Germany


Once the working week was over, there were only about 20 hours left to eat to my hearts content. The last dinner was at an Uyghur restaurant recently featured in Lucky Peach magazine. The Kashgar Uyghur Restaurant is located very close to the main train station (München Hauptbahnhof) and on first glance is a fancy kebab joint. We went upstairs where it’s a plain restaurant and you’re handed takeaway menus from which to order. We left it all to a colleague who was the most knowledgeable on Uyghur cuisine (from Xinjiang province in China) and he went ahead and overordered for us all.

I don’t have the ‘official’ menu names for anything – everything was listed in Chinese or German, of course. We started with samsa – baked handheld pockets of flaky dough filled with a lightly spiced minced lamb mixture. These were brilliant and I probably could have made a meal of two or three of them.

Samsa

A dish of cold spicy noodles (laghman) were topped with a hot stirfry of lamb and vegetables.

Cold Spicy Laghman

Beef stomach was soft and tender, not unlike slurping down beefy jelly.

Beef Stomach

Then came a stir fry….of lots of different things. And so we renamed it the stir fry of everything. Those flattish clear bean noodles were spectacular.

A Stir Fry of Many Things

Dapanji – Big Plate Chicken – was probably my favourite dish of the evening. Large flat belt noodles were served with the fabulously delicious bone-in chicken, pepper and potato stew. Here was just a portion for one – my friend would have ordered the larger version had I not stopped him!

Dapanji - Big Plate Chicken

Another dish! Stir fried egg and cucumber and meat. The mild cucumber was a soothing balm to our now tingling tongues.

Egg and Cucumber and Meat

And still there was more – ok, our final dish of stir fried laghman. Excellent as it was, we could only pick at it. Excellent noodles, yes, excellent.

Stir Fried Laghman

Overall, excellent! Highly recommended! There is another Uyghur restaurant nearby (that more resembles a Chinese restaurant) but according to my colleague who tried both, this was the better one.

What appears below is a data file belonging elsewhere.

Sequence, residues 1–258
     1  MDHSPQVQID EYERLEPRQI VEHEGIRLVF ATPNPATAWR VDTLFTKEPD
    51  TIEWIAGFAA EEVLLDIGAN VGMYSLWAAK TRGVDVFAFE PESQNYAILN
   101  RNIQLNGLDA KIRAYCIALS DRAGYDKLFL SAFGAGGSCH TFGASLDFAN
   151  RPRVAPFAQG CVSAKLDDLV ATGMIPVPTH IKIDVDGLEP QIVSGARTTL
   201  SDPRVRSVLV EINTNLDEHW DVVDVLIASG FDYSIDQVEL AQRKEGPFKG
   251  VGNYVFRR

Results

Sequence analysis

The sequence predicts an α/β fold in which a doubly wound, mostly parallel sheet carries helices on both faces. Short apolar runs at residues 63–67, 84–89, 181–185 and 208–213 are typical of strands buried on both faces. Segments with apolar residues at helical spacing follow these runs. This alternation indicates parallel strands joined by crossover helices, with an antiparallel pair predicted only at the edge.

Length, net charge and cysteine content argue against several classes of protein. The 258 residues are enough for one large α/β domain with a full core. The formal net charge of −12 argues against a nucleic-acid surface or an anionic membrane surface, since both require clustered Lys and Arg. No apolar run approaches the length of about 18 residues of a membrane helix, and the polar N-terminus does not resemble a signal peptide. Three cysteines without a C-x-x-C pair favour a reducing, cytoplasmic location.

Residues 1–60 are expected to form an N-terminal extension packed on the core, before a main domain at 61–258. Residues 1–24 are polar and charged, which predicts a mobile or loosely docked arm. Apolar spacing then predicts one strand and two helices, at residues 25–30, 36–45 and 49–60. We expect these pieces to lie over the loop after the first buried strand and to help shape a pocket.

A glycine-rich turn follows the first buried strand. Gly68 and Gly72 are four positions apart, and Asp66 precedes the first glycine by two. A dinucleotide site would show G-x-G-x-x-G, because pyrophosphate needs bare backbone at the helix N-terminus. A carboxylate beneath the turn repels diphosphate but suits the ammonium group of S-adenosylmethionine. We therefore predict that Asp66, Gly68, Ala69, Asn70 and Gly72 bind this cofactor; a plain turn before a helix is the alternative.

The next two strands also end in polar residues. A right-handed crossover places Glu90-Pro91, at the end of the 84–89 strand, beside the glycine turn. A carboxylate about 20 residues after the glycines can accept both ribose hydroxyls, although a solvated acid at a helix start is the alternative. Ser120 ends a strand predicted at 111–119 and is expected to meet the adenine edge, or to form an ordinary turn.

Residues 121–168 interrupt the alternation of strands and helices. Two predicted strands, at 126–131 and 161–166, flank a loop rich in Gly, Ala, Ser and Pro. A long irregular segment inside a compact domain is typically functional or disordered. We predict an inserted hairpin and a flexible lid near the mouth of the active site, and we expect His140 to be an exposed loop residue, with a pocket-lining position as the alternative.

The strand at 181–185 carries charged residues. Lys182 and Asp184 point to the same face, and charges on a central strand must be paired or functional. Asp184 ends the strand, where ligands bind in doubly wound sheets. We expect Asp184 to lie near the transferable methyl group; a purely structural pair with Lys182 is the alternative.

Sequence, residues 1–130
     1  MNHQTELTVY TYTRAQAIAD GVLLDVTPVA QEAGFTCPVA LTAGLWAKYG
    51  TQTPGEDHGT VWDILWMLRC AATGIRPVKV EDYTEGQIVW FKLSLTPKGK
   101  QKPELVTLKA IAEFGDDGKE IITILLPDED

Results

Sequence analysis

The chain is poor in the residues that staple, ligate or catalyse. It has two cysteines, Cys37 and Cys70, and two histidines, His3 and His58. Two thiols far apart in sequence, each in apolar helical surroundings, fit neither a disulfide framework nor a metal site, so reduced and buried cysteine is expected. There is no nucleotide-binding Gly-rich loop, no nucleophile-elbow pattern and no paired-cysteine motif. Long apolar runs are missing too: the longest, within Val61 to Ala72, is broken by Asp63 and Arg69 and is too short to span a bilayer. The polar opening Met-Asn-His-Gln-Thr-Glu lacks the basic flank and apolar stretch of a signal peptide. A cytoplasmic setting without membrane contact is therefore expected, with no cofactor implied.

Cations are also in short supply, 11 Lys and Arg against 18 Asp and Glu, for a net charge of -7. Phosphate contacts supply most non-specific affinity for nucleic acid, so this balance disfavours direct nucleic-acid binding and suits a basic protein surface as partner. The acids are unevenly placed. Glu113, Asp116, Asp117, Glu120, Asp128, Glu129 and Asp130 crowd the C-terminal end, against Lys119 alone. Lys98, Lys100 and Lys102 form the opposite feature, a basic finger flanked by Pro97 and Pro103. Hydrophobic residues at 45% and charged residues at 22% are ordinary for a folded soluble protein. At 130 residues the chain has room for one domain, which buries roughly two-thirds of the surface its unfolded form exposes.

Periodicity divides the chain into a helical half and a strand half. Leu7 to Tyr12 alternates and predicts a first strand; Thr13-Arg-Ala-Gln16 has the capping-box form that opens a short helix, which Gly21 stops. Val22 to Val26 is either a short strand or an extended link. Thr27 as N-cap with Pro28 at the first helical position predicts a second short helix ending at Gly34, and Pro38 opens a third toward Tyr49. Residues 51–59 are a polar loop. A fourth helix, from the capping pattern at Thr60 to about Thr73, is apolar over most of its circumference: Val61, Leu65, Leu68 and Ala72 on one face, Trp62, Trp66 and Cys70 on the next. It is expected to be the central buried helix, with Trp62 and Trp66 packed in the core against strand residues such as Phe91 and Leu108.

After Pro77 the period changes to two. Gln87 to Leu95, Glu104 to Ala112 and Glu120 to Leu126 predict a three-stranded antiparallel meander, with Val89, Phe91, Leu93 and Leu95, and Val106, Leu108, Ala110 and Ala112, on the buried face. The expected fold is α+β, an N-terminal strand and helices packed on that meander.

Kashgar Uyghur Restaurant
Dachauer Str. 4
80335 Munich, Germany

And then on my last morning, before my flight back in the afternoon, I had to fit as many Munich foods as I could into my gob. I didn’t do too badly.

My main stop that morning was the Viktualienmarkt – Munich’s famous outdoor food market. Sure there are tourists around but you’ll also find locals shopping for the week or picking up something a bit special. I joined the locals in the queue at one of the mushroom stalls and bought a mixture of wild mushrooms to cook at home that night.

Mushrooms//embedr.flickr.com/assets/client-code.js

I also stopped at the Münchner Suppenküche, one of my favourite stops from over a decade ago, and I was happy to see that it’s still going strong. This large bowl of chicken noodle soup was €3,50 and it remains one of the best chicken noodle soups I’ve ever had.

Chicken Noodle Soup

Münchner Suppenküche
Am Viktualienmarkt Abt. 3 Stand 5/28/29
80331 München, Germany

Leberkäse! This is one of my most favourite Bavarian foods. Yes, I should have also eaten weisswurst but leberkase! If you’re not familiar with it, I guess I could liken it to posh Spam/bologna. You can get it everywhere. At snack stands, a hot slice will be sandwiched in a roll. In restaurants, a slice is likely to be served with potatoes and a fried egg. As I was noshing on the hoof, it would have to be in a roll for me. I took a tip from somewhere on the Internet and got my leberkäse in a roll directly from one of the Viktualienmmarkt’s butchers – they’ll slice the hot meatloaf and weigh your slice (nice and thick!) before shoving it into a sliced roll and handing it over. Look at that massive wodge! With a little mustard, it was some fine eating on the hoof while doing some sightseeing in the centre.

Leberkase

I had to end my haphazard ‘meal’ with something sweet. I concluded my tour of Munich with a stop at Cafe Luitpold, close to Odeonsplatz. I only found out later that the breakfasts/brunch here are quite famous but I only had the time and the stomach space for Kaffee und Kuchen.

The Cake Counter

Choosing a cake from the massive display was certainly challenging! But in the end, it was another slice of Prinzregententorte. It was perhaps a more elegant looking slice but taste wise – well, both were excellent!

Prinzregententorte

Cafe Luitpold
Brienner Str. 11
80333 München, Germany

And then it was off to the airport! Goodbye, Munich!

Goodbye, Munich

I love the city! Other points to note include the fact that it’s safe. No one bothers you at night when you’re walking around and everything’s wonderfully clean. The food is good everywhere and there are plenty of options other than Bavarian food nowadays. I do hope to return soon (especially when my kilo of Ritter Sport runs out)!

Here’s a general tip – there’s a very well-stocked supermarket at Munich Airport. I bought tonnes of things to shove last minute into my suitcase.

All my photos from my trip can be found in this Flickr album.